Helicopter parents are moms and dads who pay extremely close attention to their kids' activities and schoolwork in an effort to not only protect them from pain and disappointment but to help them succeed. Helicopter parents are known for constantly hovering over their children and being overly involved in their lives.
To get a better picture of them, a now-deleted user posted a question on the platform, asking: "What is the most extreme example of helicopter parenting that you have ever witnessed?" and people flooded the comments with all sorts of real-life examples. From escorting their son to a job interview to forcing college students to befriend their daughter, here are the most memorable ones.
#1I know helicopter parenting is funny from afar, but...
My mom was a helicopter parent. She controlled who my friends were, what sports I played, and even the classes I took in high school.
For anyone dealing with a helicopter parent that requires absolute control, that praises you for your successes (much more than warranted), but punishes you for shortcomings (also more than warranted). Please cut them out of your life.
A personality disorder develops because of this. It is most prevalent in males, but can also be in females. When you're a child and your primary caregiver causes your emotions to constantly go from love, warmth, and trust to guilt, hate, and worthlessness, which are all constantly present emotions with a helicopter parent. You don't develop emotional trust, which in my mind is the most important human aspect.
When this happens to a child, a quite clever thought process take place. "If I can't feel, I can't get hurt." A child suppresses their emotions and chooses not to experience them.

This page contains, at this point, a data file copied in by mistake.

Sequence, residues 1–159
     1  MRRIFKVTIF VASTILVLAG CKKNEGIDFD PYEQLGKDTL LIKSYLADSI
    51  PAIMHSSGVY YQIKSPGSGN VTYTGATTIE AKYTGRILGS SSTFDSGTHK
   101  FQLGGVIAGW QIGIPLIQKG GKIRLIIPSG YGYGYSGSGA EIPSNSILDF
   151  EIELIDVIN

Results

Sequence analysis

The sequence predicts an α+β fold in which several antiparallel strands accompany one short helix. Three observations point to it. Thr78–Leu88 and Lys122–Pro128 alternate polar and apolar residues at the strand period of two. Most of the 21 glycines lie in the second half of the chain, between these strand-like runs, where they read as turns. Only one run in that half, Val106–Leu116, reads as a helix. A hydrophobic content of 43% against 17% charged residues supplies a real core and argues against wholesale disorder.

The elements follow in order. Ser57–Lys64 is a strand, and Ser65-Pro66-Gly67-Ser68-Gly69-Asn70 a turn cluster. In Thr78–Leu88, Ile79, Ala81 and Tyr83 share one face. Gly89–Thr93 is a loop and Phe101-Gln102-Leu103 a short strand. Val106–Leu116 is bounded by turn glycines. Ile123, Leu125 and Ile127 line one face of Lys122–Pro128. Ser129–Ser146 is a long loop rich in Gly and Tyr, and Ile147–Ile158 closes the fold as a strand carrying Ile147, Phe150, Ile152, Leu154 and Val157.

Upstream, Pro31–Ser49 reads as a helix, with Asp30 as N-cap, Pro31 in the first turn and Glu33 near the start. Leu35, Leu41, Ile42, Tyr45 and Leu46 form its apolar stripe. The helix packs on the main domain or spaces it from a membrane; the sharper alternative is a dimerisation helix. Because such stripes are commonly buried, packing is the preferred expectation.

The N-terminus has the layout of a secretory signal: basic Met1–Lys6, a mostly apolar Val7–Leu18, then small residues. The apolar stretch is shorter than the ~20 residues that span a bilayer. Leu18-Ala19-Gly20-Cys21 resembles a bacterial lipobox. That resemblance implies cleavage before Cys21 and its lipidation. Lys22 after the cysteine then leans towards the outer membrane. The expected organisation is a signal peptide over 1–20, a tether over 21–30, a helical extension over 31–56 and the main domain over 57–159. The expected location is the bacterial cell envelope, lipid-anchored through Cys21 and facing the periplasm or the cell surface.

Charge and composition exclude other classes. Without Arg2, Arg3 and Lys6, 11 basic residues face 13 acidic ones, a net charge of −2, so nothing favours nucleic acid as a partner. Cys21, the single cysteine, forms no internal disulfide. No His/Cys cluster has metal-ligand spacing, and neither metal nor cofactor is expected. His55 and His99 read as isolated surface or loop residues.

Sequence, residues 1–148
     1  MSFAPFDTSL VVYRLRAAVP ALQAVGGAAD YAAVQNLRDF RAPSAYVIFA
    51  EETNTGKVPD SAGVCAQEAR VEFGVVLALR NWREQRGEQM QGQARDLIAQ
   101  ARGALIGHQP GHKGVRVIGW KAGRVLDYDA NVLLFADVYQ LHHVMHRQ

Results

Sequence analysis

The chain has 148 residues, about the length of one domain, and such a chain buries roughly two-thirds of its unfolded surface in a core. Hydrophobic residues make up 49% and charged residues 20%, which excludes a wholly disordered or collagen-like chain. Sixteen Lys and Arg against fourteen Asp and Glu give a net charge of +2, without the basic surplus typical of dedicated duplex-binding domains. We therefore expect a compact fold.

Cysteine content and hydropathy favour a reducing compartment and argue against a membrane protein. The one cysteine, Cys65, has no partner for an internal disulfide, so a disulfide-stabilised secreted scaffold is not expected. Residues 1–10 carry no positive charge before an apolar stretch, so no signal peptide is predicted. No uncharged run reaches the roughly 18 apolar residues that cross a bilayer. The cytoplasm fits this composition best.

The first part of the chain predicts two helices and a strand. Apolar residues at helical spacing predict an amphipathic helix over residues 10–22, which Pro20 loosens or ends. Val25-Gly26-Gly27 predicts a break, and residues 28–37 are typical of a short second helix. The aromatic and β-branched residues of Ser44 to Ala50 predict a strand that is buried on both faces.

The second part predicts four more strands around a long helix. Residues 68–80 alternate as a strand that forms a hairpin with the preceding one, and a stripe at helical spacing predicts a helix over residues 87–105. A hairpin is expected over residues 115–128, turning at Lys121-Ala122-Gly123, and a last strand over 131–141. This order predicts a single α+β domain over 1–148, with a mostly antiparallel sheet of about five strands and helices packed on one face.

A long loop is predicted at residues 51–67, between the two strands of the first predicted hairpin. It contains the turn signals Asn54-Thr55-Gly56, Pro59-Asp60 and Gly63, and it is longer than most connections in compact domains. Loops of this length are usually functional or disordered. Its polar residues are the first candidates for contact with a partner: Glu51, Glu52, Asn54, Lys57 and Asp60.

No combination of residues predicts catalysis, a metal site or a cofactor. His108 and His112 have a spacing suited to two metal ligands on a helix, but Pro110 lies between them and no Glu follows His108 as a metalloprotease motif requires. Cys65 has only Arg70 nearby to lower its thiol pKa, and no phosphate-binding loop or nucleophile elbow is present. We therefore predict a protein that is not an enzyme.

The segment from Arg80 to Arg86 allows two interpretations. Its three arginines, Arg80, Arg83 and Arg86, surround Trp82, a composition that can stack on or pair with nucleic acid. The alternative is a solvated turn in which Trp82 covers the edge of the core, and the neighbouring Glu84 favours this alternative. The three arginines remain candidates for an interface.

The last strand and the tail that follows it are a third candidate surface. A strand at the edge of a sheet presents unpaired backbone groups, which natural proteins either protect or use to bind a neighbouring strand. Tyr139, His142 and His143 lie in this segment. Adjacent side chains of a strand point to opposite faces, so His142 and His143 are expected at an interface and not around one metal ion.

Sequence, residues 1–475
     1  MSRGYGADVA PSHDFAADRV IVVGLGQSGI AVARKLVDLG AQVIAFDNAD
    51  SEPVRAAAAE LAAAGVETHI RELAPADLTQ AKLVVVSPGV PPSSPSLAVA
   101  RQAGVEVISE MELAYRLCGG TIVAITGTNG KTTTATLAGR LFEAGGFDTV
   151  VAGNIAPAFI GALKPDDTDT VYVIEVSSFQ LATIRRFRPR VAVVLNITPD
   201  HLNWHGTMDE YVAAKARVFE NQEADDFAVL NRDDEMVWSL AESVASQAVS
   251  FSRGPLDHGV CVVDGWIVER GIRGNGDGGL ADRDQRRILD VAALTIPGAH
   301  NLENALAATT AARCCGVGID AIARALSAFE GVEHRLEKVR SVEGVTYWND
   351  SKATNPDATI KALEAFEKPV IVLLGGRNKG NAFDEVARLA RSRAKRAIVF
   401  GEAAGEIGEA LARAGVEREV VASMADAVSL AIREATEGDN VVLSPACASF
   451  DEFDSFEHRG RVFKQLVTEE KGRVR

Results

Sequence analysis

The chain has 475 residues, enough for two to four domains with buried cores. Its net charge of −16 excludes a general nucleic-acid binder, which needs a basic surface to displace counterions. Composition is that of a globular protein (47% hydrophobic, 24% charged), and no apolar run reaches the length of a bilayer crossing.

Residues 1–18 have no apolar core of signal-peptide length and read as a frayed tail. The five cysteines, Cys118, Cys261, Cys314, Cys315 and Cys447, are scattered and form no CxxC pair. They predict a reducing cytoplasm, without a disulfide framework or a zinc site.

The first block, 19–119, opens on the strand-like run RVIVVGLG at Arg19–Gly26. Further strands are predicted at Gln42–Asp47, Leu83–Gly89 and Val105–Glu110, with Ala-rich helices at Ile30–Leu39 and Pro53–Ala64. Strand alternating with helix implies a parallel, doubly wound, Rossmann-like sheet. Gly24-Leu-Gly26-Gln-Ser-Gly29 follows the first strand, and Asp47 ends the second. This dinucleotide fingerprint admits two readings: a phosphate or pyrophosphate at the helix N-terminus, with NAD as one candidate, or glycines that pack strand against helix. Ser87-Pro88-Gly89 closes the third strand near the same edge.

As someone who took this route. It doesn't give you happiness. It gives you nothing. I constantly experience emotions, but on the inside. I despise people for showing theirs, but am truly jealous instead. I can't hold relationships or friendships.
I'm 21. It took me four years of my life to get to the root of my problem and its going to take me even longer to get better.
If you're someone who has experienced the unfortunate psychological abuse of helicopter parenting, remember, everything you learn, you can unlearn. It just takes more effort. Start reinforcing your behaviour that you enjoy about yourself and stop focusing on the bad. Your parent focused on the bad and only what they considered to be good. It is your turn to live.
#2My brother was injured pretty badly while training in Lebanon. (Israeli army). The base commander (equivalent to a captain in the us army) refused to send him to a hospital because he was partially to blame for the accident and asked the camp nurse to take care of him.
The nurse, after pumping my brother up on morphine, contacted my mom. Mom, who was a military police colonel at the time, proceeded to commandeer a chopper, fly up to the base, tear the commander a new a*****e and evac my brother out.
I mean, she literally took a helicopter. I don't think it gets more helicopter parent than that.
To be fair, she's a good mom and never really tried to control us too much. If s**t gets serious though, she'll happily murder anyone who threatens her family.
#3I worked at a science museum that had hands on for kids.
The aim of the game was for the child to solve a problem by themselves. Like "can you get x to do y", they make something, test it, and figure out how to make it better.